This tool allows you to check the code powering Chrome extensions

Automation can help with the laborious but important work of tracking the third-party code used by extensions.
chrome extension
(Stephen Shankland / Flickr)

Browser extensions, like any other piece of software, can be abused or manipulated by hackers for malicious purposes. Duo Security wants to make it harder for that to happen.

The company on Thursday released a beta version of a tool, CRXcavator, that screens extensions for Google Chrome, the world’s most popular web browser, for malicious code.

“As our portal to the internet, browsers represent what is likely the largest common attack surface across consumers and businesses alike,” the Cisco-owned company said in a blog post.

Extensions are handy for navigating the web, and some even offer important security features, but they can also allow third parties access a lot of user data. The new tool takes a stab at that security challenge by letting a user enter a Chrome extension and then returning a risk score for the application based on the permissions it grants on a computer.


Tracking the third-party code used by an extension, along with its functionality and ownership, is laborious but important work that analysts say is much more feasible through automation.

The challenge gets even thornier if an attacker buys an extension from a developer or hacks that person’s account, as the Duo Security executives pointed out.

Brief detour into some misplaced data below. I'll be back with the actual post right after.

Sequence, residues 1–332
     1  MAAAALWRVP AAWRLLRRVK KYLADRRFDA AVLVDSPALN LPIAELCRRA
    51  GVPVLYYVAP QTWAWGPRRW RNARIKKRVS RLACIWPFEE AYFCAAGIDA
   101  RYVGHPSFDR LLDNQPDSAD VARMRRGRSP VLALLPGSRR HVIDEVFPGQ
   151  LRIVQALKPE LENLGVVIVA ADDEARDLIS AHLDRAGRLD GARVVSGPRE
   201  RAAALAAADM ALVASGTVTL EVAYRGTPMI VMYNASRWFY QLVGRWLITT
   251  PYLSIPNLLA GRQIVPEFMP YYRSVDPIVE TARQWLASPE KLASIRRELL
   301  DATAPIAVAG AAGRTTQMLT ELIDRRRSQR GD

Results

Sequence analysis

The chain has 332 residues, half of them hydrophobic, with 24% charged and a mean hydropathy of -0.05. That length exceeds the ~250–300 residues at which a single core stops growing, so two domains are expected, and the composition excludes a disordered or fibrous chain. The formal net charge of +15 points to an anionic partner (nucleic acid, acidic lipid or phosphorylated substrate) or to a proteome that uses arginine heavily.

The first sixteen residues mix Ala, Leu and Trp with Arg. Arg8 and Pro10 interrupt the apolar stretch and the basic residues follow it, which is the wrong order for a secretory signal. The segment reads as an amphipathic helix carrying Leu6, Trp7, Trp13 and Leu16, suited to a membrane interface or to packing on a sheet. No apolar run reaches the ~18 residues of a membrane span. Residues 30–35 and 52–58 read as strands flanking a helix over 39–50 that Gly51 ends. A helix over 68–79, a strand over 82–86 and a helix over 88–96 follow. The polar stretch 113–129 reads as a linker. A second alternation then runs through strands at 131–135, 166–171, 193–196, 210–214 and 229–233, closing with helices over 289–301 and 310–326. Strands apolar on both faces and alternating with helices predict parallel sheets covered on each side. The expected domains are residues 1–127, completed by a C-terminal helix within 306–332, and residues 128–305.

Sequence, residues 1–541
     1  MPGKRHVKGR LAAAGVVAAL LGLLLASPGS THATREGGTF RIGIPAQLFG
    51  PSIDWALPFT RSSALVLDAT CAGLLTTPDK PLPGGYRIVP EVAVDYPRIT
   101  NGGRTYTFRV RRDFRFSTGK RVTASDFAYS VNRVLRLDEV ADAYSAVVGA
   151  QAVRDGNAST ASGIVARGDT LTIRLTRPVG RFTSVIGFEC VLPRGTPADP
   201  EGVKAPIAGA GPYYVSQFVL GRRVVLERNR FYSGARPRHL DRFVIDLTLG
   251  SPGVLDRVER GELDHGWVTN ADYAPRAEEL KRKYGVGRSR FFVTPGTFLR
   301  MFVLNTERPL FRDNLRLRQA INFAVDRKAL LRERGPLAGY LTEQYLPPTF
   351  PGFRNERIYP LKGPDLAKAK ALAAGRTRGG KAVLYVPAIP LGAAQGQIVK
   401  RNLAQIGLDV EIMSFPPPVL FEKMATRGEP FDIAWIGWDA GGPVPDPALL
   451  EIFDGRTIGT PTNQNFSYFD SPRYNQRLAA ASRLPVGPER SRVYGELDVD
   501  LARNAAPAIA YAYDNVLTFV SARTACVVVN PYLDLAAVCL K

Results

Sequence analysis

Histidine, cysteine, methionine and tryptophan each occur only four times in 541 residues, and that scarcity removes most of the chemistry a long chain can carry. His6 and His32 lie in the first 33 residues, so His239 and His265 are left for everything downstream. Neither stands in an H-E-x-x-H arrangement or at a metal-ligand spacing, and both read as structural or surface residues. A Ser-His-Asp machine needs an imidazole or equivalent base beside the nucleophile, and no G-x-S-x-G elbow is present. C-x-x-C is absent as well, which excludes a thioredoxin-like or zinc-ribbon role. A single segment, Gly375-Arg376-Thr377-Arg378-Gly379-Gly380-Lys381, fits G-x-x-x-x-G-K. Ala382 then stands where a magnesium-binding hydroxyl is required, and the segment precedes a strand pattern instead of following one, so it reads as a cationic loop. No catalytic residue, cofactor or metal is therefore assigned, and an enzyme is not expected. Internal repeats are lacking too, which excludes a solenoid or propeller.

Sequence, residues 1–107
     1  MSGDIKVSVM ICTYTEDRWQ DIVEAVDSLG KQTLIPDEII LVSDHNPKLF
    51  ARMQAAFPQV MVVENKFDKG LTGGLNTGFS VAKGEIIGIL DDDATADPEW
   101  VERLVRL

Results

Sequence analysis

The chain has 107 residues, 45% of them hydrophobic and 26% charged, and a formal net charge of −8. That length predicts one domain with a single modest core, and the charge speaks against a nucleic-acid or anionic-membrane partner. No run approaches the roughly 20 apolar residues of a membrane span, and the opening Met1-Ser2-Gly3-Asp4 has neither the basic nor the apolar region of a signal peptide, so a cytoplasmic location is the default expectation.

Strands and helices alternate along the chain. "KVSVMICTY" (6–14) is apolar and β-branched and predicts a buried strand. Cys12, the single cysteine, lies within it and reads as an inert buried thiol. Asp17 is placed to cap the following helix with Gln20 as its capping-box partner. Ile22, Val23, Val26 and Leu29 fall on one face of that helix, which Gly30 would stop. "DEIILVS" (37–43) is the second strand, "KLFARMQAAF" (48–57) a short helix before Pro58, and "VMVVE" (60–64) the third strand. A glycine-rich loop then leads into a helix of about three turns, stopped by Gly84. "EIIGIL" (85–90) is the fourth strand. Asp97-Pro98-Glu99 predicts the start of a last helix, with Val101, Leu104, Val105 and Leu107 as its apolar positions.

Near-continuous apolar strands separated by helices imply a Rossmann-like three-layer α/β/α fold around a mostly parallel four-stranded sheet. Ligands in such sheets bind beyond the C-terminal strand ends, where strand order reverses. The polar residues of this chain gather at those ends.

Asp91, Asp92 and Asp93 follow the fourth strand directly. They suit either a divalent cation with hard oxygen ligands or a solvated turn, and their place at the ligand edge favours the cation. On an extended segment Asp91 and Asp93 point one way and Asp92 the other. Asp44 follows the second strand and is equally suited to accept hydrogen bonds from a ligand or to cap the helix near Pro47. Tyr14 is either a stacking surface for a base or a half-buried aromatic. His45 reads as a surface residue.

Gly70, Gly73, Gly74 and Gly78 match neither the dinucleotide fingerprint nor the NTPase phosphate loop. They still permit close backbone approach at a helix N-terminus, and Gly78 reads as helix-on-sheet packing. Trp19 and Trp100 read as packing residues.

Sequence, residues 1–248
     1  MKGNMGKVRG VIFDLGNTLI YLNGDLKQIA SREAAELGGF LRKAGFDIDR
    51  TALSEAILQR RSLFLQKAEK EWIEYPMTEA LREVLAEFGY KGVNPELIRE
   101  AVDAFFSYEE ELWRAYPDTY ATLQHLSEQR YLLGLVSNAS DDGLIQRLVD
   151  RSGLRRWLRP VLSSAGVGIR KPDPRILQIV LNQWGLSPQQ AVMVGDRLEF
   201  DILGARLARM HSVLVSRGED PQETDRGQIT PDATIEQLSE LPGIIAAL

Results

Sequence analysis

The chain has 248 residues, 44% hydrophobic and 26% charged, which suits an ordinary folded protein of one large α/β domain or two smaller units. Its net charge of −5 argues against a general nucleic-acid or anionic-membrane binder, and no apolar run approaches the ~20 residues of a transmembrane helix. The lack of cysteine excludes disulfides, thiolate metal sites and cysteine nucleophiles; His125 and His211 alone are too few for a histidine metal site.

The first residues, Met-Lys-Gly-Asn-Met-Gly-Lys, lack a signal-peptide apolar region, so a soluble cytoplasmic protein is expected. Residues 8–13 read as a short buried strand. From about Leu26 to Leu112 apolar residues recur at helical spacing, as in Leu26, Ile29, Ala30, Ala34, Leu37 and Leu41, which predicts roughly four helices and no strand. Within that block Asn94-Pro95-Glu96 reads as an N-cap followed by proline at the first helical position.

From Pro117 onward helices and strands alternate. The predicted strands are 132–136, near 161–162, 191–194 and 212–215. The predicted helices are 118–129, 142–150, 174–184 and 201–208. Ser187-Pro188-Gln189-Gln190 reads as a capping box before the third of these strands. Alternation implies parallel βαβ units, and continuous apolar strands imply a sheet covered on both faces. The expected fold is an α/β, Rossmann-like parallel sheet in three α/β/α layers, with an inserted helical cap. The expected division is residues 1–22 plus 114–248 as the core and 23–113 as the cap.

“The third party could add malicious code and push the new version out to existing users without triggering another security review,” the blog post says. “Manually reviewing every update to extensions allowed in an organization’s domain is not feasible for most security teams.”

The free Duo service creates “a list of sites that the extension’s code likely makes external requests to” and which could be laced with malware. It also analyzes third-party JavaScript libraries that are used in an extension.

“If out-of-date libraries with known security vulnerabilities persist in extensions, it is possible that these vulnerabilities could be exploited by malicious code on sites that are visited,” the Duo Security executives wrote.


While Duo credited Google for recently bolstering extension security, there is plenty of progress to be made. Duo scanned more than 120,000 Chrome extensions and apps in January and found that over 30 percent of them use third-party libraries that have known vulnerabilities.

Sean Lyngaas

Written by Sean Lyngaas

Sean Lyngaas is CyberScoop’s Senior Reporter covering the Department of Homeland Security and Congress. He was previously a freelance journalist in West Africa, where he covered everything from a presidential election in Ghana to military mutinies in Ivory Coast for The New York Times. Lyngaas’ reporting also has appeared in The Washington Post, The Economist and the BBC, among other outlets. His investigation of cybersecurity issues in the nuclear sector, backed by a grant from the Pulitzer Center on Crisis Reporting, won plaudits from industrial security experts. He was previously a reporter with Federal Computer Week and, before that, with Smart Grid Today. Sean earned a B.A. in public policy from Duke University and an M.A. in International Relations from The Fletcher School of Law and Diplomacy at Tufts University.

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